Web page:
Plaintiffs in a proposed class action injury lawsuit scored a major goal in an action targeting the U.S. Soccer Federal, Federation Internationale de Football Association (FIFA), the U.S. Youth Soccer Association Inc., National Association of Competitive Soccer Clubs Inc., California Youth Soccer Association and the American Youth Soccer Organization.
The New York Times reported that as part of an effort to resolve the Meher et al v. FIFA et al litigation, it would impose a series of safety initiatives specifically aimed at reducing head injuries for players – particularly women and children. The policy would set strict limits on young players, expressly banning participants under the age of 10 from “heading” the ball. Players between the ages of 11 and 13 will be required to significantly reduce the number of “headers” they can take on in practice.
Regulations will be required for all U.S. Soccer youth national academies and teams – which will include Major League Soccer Youth clubs. However, the rules will remain “recommendations” for development programs and other soccer associations that under the control of U.S. Soccer.
The chief medical officer for U.S. Soccer stated in a media conference call that the idea is to reduce the amount of potential exposure to head injuries. He noted that while the science on the connection between youth soccer and concussions is still evolving, he vowed the league’s policies would evolve with it. Although the specifics of the initiative won’t be unveiled until later this month, the agency stated it will require additional education for coaches, referees, parents and players on the issue of head injuries. There will also be uniform guidelines to follow when a head injury is suspected.
As it now stands, teams at the senior level are only allowed three substitutions in every game, and there is no protocol in place to ensure proper medical evaluation when a player suffers a head injury.
This is indeed a start. However, there are concerns that this will not do enough to curb child injuries in connection with the sport. A study published in the September 2015 issue of the Journal of American Medical Association Pediatrics analyzed head injuries occurring in some three million high school soccer practices and games between 2005 and 2014. Firstly, it found out that soccer-related concussion injuries rose sharply during this time among both male and female players. Secondly, it revealed that “heading” was not the No. 1 cause of player injury. That distinction went to player-to-player contact, which accounted for almost 70 percent of soccer-related concussions among boys and 51 percent of concussions among girls.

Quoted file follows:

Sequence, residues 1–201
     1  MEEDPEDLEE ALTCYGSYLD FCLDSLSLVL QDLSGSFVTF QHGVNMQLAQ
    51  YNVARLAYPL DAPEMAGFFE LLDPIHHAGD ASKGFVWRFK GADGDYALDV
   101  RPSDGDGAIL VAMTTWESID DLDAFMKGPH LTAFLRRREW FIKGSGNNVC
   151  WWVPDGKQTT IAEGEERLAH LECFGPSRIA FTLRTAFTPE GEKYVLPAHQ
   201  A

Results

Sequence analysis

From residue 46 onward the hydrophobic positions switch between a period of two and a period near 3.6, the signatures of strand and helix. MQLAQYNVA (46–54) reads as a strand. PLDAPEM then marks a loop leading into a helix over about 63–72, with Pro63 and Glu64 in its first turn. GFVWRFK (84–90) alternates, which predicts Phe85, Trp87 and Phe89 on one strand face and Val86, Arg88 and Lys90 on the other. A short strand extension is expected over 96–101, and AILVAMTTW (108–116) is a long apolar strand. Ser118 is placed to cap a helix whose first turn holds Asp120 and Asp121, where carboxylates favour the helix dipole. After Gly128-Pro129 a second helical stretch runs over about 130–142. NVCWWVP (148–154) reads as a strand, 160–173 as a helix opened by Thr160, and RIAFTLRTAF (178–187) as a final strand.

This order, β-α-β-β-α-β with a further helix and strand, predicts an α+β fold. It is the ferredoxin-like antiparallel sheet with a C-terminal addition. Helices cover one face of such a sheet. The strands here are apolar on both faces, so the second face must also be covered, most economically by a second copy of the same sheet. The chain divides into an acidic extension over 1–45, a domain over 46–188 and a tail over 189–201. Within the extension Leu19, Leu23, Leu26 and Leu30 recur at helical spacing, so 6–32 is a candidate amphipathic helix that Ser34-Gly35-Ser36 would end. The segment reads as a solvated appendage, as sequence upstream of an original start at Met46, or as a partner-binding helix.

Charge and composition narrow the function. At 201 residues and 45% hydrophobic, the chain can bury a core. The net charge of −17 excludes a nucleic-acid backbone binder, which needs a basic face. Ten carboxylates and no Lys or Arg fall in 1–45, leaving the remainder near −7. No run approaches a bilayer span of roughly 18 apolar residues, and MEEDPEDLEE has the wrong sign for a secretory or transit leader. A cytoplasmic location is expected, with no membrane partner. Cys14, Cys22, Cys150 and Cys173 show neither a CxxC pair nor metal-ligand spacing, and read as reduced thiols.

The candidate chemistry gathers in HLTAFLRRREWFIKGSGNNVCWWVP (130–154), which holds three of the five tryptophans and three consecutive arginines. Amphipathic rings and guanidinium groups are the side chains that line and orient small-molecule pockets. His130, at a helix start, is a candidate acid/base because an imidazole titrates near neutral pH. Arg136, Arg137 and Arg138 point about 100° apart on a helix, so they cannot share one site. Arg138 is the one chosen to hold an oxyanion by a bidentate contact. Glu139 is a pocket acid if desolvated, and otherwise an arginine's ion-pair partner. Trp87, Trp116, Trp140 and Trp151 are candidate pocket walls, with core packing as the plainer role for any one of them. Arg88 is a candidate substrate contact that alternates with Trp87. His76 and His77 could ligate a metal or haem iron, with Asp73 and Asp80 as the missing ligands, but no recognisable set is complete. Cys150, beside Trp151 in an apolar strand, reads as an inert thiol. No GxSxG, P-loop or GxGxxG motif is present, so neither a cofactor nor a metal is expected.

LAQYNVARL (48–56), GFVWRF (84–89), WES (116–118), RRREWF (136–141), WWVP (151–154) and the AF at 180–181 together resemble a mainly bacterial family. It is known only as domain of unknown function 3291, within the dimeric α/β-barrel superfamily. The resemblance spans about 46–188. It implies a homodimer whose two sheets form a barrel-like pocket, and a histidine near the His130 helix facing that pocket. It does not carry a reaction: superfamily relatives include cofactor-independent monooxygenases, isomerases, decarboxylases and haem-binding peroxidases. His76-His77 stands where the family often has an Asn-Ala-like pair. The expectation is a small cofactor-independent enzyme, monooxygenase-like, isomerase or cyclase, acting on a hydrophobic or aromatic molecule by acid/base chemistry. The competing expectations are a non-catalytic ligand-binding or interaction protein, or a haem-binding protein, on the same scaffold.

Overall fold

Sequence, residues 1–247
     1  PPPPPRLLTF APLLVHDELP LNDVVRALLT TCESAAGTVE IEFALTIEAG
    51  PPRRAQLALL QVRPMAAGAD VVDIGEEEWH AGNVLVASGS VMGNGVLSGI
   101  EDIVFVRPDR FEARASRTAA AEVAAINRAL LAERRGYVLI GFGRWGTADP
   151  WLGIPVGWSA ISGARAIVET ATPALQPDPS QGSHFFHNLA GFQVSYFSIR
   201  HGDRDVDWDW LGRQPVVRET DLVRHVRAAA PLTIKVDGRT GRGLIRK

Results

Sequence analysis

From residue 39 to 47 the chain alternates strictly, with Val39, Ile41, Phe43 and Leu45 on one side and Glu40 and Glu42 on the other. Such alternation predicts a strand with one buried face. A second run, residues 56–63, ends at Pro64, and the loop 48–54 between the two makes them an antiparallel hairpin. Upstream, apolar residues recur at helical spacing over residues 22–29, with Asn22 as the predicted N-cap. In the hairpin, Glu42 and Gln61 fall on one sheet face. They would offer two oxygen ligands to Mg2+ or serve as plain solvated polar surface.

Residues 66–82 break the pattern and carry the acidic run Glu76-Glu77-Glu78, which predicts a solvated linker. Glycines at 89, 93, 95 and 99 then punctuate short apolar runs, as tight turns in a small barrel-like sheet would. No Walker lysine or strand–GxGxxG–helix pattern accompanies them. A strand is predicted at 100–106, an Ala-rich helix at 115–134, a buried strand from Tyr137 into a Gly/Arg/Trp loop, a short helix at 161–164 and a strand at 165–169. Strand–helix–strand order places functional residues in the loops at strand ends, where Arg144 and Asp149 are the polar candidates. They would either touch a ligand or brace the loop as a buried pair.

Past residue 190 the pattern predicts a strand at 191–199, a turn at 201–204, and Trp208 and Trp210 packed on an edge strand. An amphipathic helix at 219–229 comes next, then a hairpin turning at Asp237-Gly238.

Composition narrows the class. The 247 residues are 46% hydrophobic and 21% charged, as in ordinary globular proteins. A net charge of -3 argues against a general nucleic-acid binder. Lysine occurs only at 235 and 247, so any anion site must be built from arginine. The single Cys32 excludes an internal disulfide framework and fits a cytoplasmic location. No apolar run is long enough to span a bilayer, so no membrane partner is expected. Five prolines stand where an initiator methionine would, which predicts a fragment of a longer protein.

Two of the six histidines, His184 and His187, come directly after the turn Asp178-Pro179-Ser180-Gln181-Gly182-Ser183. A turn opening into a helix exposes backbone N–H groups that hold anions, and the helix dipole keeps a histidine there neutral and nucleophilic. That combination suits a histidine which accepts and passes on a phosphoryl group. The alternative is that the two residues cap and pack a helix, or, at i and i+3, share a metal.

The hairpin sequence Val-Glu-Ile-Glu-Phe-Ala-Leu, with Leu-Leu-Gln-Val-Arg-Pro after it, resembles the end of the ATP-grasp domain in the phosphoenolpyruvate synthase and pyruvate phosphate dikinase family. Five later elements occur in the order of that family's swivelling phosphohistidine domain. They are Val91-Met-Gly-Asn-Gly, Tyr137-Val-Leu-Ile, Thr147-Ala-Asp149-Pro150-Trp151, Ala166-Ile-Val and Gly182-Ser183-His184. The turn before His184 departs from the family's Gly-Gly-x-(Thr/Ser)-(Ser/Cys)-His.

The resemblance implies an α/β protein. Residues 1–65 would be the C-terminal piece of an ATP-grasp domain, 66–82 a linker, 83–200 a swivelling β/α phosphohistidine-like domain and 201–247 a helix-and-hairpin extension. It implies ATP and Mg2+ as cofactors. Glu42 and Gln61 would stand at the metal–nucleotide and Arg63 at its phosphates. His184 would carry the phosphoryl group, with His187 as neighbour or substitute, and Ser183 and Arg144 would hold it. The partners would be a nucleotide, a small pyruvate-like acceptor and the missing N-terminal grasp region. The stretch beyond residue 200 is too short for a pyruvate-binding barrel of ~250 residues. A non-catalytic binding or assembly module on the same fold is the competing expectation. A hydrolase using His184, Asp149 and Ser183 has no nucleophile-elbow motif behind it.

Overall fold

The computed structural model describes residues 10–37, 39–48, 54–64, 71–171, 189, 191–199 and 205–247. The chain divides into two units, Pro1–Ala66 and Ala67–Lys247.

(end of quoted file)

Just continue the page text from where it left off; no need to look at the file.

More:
Still, heading was a serious problem. Heading accounted for about a third of all concussions involving male players and about a quarter of concussions involving female players. So while banning heading among young players is significant, it won’t solve the problem entirely.
Some argue it would be more effective to teach younger players better sportsmanship, more effective technique and to encourage referees to be more consistent in calling fouls when players slam into each other (which would discourage such action).
Plaintiffs in the class action sought no money, but rather rule changes that would limit heading, allow for more medical substitutions during games and grant funding for medical monitoring of current and former players, dating back to 2002.
The U.S. Centers for Disease Control and Prevention report high school athletes account for 2 million injuries annually, and more than half of those are preventable.
If you have been injured in an accident, contact the Hollander Law Firm at (888) 751-7770 for a free and confidential consultation. There is no fee unless we win.
U.S. Soccer, Resolving Lawsuit, Will Limit Headers for Youth Players, Nov. 9, 2015, By Ben Strauss, The New York Times
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